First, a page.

Moreover, the ministry issued a compliance order as a result of an inspection that was conducted at Sunset Manor in April 2021, which found staff reported feeling “intimidated and fearful” to provide information to inspectors related to care concerns, abuse and neglect for fear of reprisal.

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“Staff that did speak with inspectors shared they were interrogated afterward by management and advised that they should not be providing information to inspectors unless absolutely necessary,” the inspections director said in the MLTC document.

“Staff indicated that management advised staff that issues should be dealt with ‘in-house’ and that inspectors used tactics to get information.”

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The inspections director said some staff asked to talk offsite because of fear of reprisal and some staff wished to remain anonymous when providing information for fear of retaliation.

In one instance, the MLTC said a resident with a complex medical history didn’t have the necessary monitoring for one of their chronic medical conditions during a 10-day period and didn’t receive nutrition and hydration for a point during that time because staff weren’t trained on how to deliver that type of nutrition and hydration.

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“The lack of nutrition and hydration for this time period, combined with no monitoring of the chronic medical condition, put the resident at continued risk of harm,” the document said.

“After the resident’s death, a coroner’s investigation identified that there was no process in place to monitor the resident’s chronic medical condition.”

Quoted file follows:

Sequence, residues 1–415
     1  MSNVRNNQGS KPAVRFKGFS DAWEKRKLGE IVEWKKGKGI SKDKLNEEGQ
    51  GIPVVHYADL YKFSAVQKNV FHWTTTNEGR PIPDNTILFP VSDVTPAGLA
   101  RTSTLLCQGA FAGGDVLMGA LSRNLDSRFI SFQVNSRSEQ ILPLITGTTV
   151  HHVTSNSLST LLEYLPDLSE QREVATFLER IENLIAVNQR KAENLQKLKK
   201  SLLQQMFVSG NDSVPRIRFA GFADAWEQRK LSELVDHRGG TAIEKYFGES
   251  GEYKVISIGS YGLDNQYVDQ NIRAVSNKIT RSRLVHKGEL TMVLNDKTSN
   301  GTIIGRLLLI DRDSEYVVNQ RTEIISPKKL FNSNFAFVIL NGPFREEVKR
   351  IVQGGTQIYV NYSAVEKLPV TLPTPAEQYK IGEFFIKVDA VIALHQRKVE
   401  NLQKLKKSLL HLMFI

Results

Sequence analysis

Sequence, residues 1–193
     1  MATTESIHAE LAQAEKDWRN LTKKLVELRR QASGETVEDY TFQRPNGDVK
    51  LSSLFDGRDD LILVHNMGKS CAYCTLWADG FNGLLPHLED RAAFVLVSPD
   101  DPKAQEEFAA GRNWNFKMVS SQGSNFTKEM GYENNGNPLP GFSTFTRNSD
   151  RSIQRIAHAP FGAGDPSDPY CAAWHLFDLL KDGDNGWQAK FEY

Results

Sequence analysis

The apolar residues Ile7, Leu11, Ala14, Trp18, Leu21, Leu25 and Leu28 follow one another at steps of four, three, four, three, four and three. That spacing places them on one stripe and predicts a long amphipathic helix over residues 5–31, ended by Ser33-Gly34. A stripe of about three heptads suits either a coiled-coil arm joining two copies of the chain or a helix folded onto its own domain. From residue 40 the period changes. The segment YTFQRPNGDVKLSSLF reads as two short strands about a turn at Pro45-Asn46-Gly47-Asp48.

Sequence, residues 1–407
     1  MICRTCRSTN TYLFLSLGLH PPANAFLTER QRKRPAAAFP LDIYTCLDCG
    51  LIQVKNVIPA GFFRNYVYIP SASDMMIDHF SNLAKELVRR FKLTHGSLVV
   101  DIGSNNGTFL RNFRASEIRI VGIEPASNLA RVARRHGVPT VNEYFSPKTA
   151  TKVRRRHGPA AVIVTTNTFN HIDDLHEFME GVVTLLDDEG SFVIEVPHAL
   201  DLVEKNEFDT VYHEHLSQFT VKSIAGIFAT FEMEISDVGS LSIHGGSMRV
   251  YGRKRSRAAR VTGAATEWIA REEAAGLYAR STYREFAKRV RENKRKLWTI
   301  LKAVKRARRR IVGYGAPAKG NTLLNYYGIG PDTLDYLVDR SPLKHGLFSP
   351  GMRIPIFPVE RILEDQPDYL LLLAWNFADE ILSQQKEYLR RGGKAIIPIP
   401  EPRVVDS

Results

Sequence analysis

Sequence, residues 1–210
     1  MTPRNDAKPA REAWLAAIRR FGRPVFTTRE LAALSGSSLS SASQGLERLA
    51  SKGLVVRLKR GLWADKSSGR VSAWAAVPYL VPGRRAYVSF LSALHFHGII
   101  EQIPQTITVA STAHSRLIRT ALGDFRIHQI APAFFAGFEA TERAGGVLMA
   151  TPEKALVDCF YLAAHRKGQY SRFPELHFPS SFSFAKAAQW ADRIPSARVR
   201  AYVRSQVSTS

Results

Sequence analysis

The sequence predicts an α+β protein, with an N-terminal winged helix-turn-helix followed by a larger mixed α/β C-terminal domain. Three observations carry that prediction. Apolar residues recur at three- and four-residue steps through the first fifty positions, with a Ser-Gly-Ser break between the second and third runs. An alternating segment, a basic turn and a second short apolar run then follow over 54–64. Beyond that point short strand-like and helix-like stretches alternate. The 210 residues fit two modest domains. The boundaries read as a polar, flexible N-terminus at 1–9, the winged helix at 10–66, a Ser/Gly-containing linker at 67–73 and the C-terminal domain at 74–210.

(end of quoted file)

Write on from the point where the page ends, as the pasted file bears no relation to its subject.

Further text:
In another instance, the inspections director said a resident experienced a health condition over several months that required intermittent hospitalizations and treatment. The director said the resident’s health declined over a short period of time, and as a result, they required readmission to the hospital.

“The physician was not notified when the resident’s health status deteriorated, a pain assessment was not done when the resident exhibited signs and symptoms of pain,” the MLTC document said. “The resident’s re-weigh was not completed even though the RD had requested it. There was failure to provide treatment and care from staff as required for the resident’s health, safety and well-being.”

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In her response to the ministry report, Sinclair said the County of Simcoe has a “longstanding history of excellent care and services at Sunset Manor.”

“This inspection report does not reflect this outstanding level of care that is delivered to our residents,” she added. “Our staff, residents and families can rest assured that the quality of care we provide will not be impacted by these unwarranted and excessive findings.”

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Sinclair said residents and families should ask why the ministry’s report is coming out now and “creating further impact” on residents and staff when the home “has done so well to fight COVID and has a great record and history of caring for residents.”

“We strive for continual improvement in all our homes, while we believe we have some of the highest standards in care in the province,” Sinclair added.

“As we seek to enhance our services always, we welcome inspections, feedback and expertise into our policies and protocols.”